Flames' longshot is a right shot
RANDY SPORTAK, QMI Agency
|Brady Lamb could be a great fit for the Flames in the future. He's showing right now during the team's development camp that he has promise. (JIM WELLS/QMI Agency)
Brady Lamb’s decision to sign with the Calgary Flames goes beyond the fact it’s his hometown team.
The Calgary product had options after finishing his four years at the University of Minnesota-Duluth, but his choice to ink with the Flames wasn’t because he grew up cheering for them.
It was a much more pragmatic move made by him and his agent, Steve Bartlett.
“We talked to a couple of teams, but after we looked at some depth charts, we realized there was a hole for right-handed defencemen my age with the Flames,” Lamb said. “And when we approached them, they showed some interest and went from there.”
Lamb, who’ll celebrate his 24th birthday next month, has a point. Of the d-men on the Flames roster, the only ones younger than age 27 are Chris Butler and T.J. Brodie, and both are left-handed shots. Hulking Chris Breen is the only blueliner in the system who is basically the same age.
At the same time, the Flames depth chart is pretty loaded.
Right now, the Flames have nine blueliners on one-way contracts — counting Brett Carson and Clay Wilson, who spent almost all of last season in the minors — plus Brodie is expected to be a full-time Flames player this season.
Granted, the club could deal away one or more of those defencemen in the near future, but opportunities to play in Calgary won’t likely be easy to grab.
“Yeah, there are a lot of guys here, and I know I have a long way to go to compete for a spot,” Lamb said. “But whether there’s five guys ahead of me, one guy ahead of me or 12 guys ahead of me, I’ve got to just do what I can do.”
All that being said, it’s not like the 6-foot-1, 215-lb. former Calgary Junior A Royals star didn’t receive extra satisfaction inking with the Flames in March, after he collected nine goals and 31 points in 41 NCAA games.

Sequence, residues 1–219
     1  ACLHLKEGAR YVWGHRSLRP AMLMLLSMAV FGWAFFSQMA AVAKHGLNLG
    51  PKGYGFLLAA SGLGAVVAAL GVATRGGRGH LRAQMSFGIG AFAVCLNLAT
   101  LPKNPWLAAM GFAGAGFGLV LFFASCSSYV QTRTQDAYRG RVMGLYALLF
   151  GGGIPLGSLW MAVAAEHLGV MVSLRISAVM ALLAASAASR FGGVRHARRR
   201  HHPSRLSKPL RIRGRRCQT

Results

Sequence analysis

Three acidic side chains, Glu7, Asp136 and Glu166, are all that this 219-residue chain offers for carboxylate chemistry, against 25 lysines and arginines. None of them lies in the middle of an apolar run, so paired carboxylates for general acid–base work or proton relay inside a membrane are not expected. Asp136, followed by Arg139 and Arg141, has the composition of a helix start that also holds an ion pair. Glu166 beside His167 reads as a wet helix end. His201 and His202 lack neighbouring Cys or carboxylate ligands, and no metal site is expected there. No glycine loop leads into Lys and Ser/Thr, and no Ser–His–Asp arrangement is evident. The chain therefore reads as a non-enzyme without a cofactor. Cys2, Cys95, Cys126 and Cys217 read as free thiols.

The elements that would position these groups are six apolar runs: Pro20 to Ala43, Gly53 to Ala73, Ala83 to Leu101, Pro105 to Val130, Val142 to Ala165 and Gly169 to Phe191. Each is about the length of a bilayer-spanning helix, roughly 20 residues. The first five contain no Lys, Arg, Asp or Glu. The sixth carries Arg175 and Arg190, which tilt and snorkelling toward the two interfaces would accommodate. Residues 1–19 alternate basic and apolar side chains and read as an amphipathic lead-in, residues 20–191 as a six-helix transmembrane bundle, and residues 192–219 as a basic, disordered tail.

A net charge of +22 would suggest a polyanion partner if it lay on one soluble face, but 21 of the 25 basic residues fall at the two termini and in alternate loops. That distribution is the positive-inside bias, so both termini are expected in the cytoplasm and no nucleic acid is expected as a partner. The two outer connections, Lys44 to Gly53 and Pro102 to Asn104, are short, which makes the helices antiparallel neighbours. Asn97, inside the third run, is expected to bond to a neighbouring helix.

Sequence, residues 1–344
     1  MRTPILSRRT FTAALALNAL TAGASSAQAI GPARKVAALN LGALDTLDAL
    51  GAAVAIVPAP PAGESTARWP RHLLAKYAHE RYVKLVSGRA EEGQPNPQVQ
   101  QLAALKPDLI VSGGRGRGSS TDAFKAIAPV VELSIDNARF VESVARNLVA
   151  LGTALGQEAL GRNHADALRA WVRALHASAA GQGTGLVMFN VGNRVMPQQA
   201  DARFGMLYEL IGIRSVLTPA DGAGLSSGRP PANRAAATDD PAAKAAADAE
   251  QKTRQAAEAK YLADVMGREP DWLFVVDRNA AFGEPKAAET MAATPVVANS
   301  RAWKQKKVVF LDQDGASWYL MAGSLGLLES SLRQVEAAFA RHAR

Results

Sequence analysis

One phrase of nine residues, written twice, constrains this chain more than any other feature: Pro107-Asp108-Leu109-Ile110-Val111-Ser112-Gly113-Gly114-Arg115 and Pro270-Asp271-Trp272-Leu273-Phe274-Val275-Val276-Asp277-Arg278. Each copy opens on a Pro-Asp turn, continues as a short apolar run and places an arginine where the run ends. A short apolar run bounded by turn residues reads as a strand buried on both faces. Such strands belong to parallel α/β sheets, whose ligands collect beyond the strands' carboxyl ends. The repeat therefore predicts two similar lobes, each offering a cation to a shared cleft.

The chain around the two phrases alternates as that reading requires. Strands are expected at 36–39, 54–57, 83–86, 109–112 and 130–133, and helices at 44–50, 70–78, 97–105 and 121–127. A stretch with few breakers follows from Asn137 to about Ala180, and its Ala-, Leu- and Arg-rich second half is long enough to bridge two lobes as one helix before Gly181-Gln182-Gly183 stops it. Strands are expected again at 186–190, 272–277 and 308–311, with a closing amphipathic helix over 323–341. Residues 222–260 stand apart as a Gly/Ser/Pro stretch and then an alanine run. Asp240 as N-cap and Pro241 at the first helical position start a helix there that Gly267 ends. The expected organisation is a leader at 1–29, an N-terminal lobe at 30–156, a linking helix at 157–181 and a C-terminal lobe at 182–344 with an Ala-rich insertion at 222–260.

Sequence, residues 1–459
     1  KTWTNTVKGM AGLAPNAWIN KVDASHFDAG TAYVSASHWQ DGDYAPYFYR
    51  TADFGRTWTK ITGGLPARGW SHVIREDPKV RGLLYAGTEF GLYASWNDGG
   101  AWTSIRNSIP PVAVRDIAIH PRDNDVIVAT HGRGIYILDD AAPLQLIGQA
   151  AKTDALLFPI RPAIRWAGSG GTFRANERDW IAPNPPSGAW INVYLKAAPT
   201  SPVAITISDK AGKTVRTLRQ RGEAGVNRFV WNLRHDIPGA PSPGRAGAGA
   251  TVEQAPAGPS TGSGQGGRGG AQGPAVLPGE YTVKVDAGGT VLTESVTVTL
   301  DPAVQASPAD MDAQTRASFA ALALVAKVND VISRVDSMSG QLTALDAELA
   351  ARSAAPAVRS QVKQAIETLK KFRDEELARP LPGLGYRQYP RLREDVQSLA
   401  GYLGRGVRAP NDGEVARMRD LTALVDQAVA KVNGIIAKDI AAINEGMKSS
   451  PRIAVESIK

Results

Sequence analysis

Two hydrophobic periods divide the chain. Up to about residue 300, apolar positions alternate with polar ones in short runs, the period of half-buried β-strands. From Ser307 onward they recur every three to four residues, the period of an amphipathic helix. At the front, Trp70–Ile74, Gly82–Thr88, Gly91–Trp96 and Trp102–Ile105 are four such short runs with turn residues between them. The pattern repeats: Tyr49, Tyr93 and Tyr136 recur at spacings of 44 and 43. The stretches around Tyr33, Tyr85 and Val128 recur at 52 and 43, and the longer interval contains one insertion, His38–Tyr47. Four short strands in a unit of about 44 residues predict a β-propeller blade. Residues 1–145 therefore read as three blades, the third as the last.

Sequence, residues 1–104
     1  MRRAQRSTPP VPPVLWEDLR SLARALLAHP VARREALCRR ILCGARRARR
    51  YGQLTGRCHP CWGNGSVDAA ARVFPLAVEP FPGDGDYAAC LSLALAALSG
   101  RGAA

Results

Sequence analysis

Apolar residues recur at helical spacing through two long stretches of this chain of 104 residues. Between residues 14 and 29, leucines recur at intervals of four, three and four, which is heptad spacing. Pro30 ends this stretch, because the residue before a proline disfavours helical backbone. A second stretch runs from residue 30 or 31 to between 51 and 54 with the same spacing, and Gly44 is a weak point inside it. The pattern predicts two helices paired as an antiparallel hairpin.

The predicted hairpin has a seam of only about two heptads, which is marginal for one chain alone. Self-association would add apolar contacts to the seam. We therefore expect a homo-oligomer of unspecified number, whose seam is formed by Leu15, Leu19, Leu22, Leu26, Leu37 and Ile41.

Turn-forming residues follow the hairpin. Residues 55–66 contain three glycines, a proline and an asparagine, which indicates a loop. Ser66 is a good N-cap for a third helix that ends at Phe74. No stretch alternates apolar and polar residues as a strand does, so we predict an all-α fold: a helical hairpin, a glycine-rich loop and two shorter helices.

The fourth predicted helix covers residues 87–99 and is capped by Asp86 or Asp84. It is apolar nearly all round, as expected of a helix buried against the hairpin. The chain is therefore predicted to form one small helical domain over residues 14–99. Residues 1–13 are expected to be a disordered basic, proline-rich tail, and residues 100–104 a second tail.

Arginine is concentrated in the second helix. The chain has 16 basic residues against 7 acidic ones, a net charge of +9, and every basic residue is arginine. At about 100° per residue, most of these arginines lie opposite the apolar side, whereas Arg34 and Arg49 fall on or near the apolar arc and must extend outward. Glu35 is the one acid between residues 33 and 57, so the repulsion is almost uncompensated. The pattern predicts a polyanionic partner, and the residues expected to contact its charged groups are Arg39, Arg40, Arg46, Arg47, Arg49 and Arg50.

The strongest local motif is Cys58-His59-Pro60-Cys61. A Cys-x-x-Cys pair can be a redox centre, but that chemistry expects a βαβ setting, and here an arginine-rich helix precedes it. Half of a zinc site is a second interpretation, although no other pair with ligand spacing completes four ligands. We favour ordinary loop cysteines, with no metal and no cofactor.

“It’s exciting when you get the shot with your hometown team. I grew up watching the Flames, cheering for them all the time since I was a little kid,” said Lamb, who signed a one-year deal with an NHL salary-cap hit of US$925,000 and an AHL salary of $70,000. “To have the chance to be at camp with them and in the organization is pretty incredible.”
Now comes the next step.
This week’s Flames development camp at the WinSport facility at Canada Olympic Park is the appetizer for the future.
It may be July, but Lamb is itching to start writing the first chapter of his pro career.
“It’s been a long summer already,” Lamb said. “We didn’t make it as far as we wanted to in my season, and in Abbotsford, I got to learn a lot but wasn’t playing a ton.
“I’m definitely looking forward to full-season mode.”
He did receive a small taste of pro action with one game for the AHL’s Abbotsford Heat, the Flames’ affiliate.
“It’s an eye-opener. It’s a quick pace and a different style than college. Positioning is one thing — everybody’s in the right spot taking care of their job, it’s more structured, so it was a good opportunity,” Lamb said of the differences he had to deal with.
“In college, we were good with systems, but you never back off. You’re always chasing guys, not backing up into the neutral zone … and once you get chasing, you get out of position.”
But if he can quickly grasp the differences and climb the depth chart, maybe Lamb will be skating at the Saddledome sometime soon.
You can bet he has friends and family looking forward to that day and asking when he’ll be skating in the NHL.
“I’m getting a little bit of that — questions like, ‘What number are you going to be so I need to get a Lamb jersey made?’ I’ve told them to let me worry about camp, and we’ll go from there.”
On Twitter: @SUNRandySportak